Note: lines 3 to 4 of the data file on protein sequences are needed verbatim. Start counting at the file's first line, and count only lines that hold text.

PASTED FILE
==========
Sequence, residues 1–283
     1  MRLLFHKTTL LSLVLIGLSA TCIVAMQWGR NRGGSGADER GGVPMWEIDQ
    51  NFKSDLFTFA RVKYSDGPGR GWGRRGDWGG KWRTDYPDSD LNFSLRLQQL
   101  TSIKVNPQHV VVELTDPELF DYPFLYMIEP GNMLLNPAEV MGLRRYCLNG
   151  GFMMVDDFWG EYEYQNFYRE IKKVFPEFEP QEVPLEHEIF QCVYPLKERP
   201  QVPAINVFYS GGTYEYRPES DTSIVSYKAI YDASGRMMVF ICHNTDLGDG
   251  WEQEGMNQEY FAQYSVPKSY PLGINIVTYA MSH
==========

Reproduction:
    51  NFKSDLFTFA RVKYSDGPGR GWGRRGDWGG KWRTDYPDSD LNFSLRLQQL
   101  TSIKVNPQHV VVELTDPELF DYPFLYMIEP GNMLLNPAEV MGLRRYCLNG